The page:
Rainbows and browns were going nuts on just about everything I threw in. Keep the sizes small, 16 or better, but I’ll tell you it’s

This brown got fooled by a lot of elk hair caddis on a size 14 hook. (Jim Burns)

amazing to see a small fish latch on to a fly half its size when you toss a 10 or bigger! Ants are everywhere, so casting a parachute ant should bring good results. Unfortunately, the annoying small black flies have made a comeback, and I spotted a hatch of something tiny and gray-mosquito-colored coming off the water as well, so dark colors are a good bet.  Also, pale or light green are perennial favorite colors. And you won’t catch just minnows. There are plenty of bigger fish in our mountains. Please ALWAYS release the fish you catch in areas that won’t be stocked. These are naturals and once they’re gone, so will be our opportunity to enjoy this beautiful resource.

See you on the water, Jim Burns

Photograph captures spawning carp on the Los Angeles River

Photographer Derek Bourassa was out on the river, snapping shots last week, as the carp boil went crazy. He was nice enough to let me post this amazing shot. For those of you who go beyond shooting with an IPhone, he reports this photo was taken using a Canon EOS REBEL T2i. Check out more of his nature shots on the river at

See you on the river, Jim Burns

Enter the bread fly

A couple of weeks ago, we got on a roll trying to figure out what, exactly, carp are munching on in the L.A. River, and how we fly fishers can use that knowledge to best advantage.

First, we agreed about carp and crayfish, with McTage writing:

Crayfish, crawdaddy or mudbug, whatever you like to call them, they’re alive and well in the L.A. River.

“If there are crayfish, they are on the diet, guaranteed. Crayfish are high on their list of favorites just about everywhere.”

And so it is on our river.

Next, Sean Fenner widened the discussion, commenting that:

“They eat anything they can find. In the L.A. River, they live mostly on crayfish, tilapia and other carp eggs when they spawn, worms, other insects, and their favorite, BREAD. In my opinion, that’s why the Glo-bugs work so well. I also tie a fly that I call the Tortilla, and they seem to jump all over it. People are always down there feeding the ducks, and the left over bread makes for a great meal.”

Now, I haven’t tried fishing during duck feeding time, mainly because of the legendary Duckman, who supposedly kept the Griffith Park Rangers on speed dial, and was always ready to call them in when he saw a fisherman poaching “his” territory. This is most likely ancient history (2007), as I haven’t heard of park rangers anywhere near the area. In fact, one told me that because of budget cuts, they no longer patrolled our water. And now that there’s been a pilot kayaking program on the water, official attitudes have changed, big time.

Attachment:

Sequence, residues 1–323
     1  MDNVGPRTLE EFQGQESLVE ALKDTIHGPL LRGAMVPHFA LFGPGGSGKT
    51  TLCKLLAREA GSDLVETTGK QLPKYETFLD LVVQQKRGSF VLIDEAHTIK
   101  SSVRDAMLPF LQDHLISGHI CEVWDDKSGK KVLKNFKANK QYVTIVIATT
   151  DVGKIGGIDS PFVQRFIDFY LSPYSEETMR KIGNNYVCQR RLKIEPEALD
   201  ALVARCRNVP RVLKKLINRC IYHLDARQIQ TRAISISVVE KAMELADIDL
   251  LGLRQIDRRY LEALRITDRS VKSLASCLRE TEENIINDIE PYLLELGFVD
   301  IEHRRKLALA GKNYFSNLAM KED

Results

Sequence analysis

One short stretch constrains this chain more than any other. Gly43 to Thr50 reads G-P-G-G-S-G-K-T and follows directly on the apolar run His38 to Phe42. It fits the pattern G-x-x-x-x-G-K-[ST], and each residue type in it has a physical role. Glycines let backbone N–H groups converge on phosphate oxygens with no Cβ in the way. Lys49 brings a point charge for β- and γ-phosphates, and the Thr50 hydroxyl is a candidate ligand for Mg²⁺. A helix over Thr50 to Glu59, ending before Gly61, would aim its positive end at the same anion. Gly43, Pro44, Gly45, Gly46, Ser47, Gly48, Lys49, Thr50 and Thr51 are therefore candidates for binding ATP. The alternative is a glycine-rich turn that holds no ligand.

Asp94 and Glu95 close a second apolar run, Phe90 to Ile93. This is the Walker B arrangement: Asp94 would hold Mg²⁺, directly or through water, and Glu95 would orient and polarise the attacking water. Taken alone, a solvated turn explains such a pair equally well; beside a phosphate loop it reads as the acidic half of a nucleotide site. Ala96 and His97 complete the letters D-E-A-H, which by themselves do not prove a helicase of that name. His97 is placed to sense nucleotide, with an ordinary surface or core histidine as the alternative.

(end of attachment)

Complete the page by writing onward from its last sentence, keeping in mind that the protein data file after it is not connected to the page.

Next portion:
But … back to the story. After agreeing that Glo-bugs were a potent carp fly, commenter Gregg Martin went on to write:

YOUR DAILY BREAD: The second fly, from left, is bread of duster wool, the second, fourth and fifth are loosely spun and packed, while the first and third are created with a dubbing loop. (Courtesy Gregg Martin)

” We use bread ties in a local park greatly, casting a SUNKEN fly next to the ducks and geese eight inches under an indicator blind. It’s hot when they’re on it! This sure-thing lasts only a couple of weeks, and then they seem to become jaded by our flies. Mine is a spun and packed wool duster material fly on a weighted size 4 M3366 hook, or similar, or the same material spun in a dubbing loop and brushed out. Or, white glo-bug yarn. My son uses a white or flesh colored bunny leech and does well with that, actually no matter what with that.”

Also, he wrote in an e-mail, that the bread fly tied with wool floats like a cork!  Martin found this out, to his chagrin, one day with new ties tightly spun on the Mustad 3366. They wouldn’t sink.  So now he packs a few of those, but also some that are less tightly spun, with the wool packed over a shank full of .030 lead.  His boys use a dubbing loop with wool or Glo-bug yarn over lead as well. He wrote that they often use often a std. wire TMC #4 200R.

Which brought us full circle to McTage, writing:

“Yeah, I have a park here where they feed the ducks like crazy and I have tried a time or two to take advantage of the urban bread-hatch. Not my fault if somebody else is accidentally chumming them in, right :) No luck though, I have always tried something on top, will try something wet next time.”

Me, too, after I get some time to tie this recipe up. Hopefully, the water will be still enough and the dreaded Duckman won’t lift a feather to stop me.

See you on the river, Jim Burns